April 26, 2015
Lecture on Mexico to Open Center's U.S.-Latin America Series
Aug. 29, 2013
UT Dallas launches a lecture series Thursday that will explore the rich relationship between the U.S. and the nations beyond its southern border.
Dr. Rodolpho Hernandez
The series has been organized by the Center for U.S.-Latin America Initiatives (CUSLAI), formerly the Center for U.S.-Mexico Studies.
“The mission of the Center for U.S.-Latin America Initiatives is to enhance the academic relationship and understanding between UT Dallas students and faculty with their Latin American counterparts, using an interdisciplinary approach to support the University’s mission in producing engaged graduates who are prepared for life and leadership in a constantly changing world,” said Dr. Hobson Wildenthal, the University's provost and executive vice president.
This year’s lecture series will highlight various perspectives on Mexican identity, diplomacy in Latin America, regional security, Mexican foreign policy from a Latin American perspective, and justice in Latin America.
Ana Paula Ambrosi
Aug. 29, 1 p.m.. JSOM 2.902
The Hard Truth About Soft Diplomacy
Sept. 19, 1 p.m., JSOM 2.902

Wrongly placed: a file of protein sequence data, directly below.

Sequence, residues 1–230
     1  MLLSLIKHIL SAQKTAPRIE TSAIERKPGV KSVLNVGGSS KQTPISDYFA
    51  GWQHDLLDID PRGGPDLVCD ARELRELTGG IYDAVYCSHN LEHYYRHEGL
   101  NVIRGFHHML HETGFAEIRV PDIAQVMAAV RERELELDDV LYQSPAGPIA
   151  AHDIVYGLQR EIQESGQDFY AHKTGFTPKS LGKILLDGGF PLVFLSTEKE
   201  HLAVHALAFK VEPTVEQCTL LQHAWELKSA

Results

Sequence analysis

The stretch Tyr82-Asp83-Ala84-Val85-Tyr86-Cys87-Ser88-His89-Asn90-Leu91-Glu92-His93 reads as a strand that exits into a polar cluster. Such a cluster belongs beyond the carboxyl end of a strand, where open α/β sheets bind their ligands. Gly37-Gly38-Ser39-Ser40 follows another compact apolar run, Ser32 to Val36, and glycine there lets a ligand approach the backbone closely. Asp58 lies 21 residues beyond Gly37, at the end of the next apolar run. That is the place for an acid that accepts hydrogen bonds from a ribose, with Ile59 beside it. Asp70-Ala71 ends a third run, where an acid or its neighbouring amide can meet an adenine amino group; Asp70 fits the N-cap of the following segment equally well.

Innovating to Create New Talent Networks
Sept. 28, 9 a.m., ECSS 2.102
Security in the Framework of the U.S.- Latin American Relationship
Jose Octavio Tripp Villanueva
Oct. 24, 1 p.m., JSOM 2.902
Mexican Foreign Policy from a Latin American Perspective
Juan Carlos Romero Hicks
Oct. 31, 1 p.m., JSOM 2.902
Justice in Latin America: The Case of Argentina
Jaime Malamud Goti
April 10, 8.30 a.m., GR 2.302
“The lecture series is meant to expand the academic conversation between U.S. and Latin America with an interdisciplinary and applied approach, recognizing the presence and cooperation of UT Dallas with Latin America in such countries as Mexico, Brazil, Costa Rica, Colombia, Peru, Chile, Argentina and Uruguay,” said Dr. Rodolfo Hernandez, director of CUSLAI.
Last year, 121 Latin American students from a broad range of nations pursued degrees at UT Dallas. Simultaneously, 46 UT Dallas students pursued international education programs in Latin America.
“There is a healthy interest in Latin American politics, history, and culture on the UT Dallas campus among students and faculty alike. CUSLAI will complement the new master’s program in Latin American studies offered through the School of Arts and Humanities and can facilitate expanding undergraduate programs that focus on Latin America as well,” said Dr. Monica Rankin, CUSLAI faculty associate and director of the UT Dallas Latin American studies program.
The goal of the lecture series is to provide a forum for scholars to exchange ideas and creativity in order to strengthen existing UT Dallas bi-national agendas such as literature, culture, materials science and nanotechnology, while sharing knowledge with the Metroplex community.
For details on each lecture, visit the CUSLAI website.
The series is co-sponsored by the School of Arts and Humanities, the School of Economic, Political, and Policy Science, the Naveen Jindal School of Management, the Erik Jonsson School of Engineering and Computer Science, the Consulate General of Mexico in Dallas, the Senate of Mexico, and the University of San Andres, Argentina.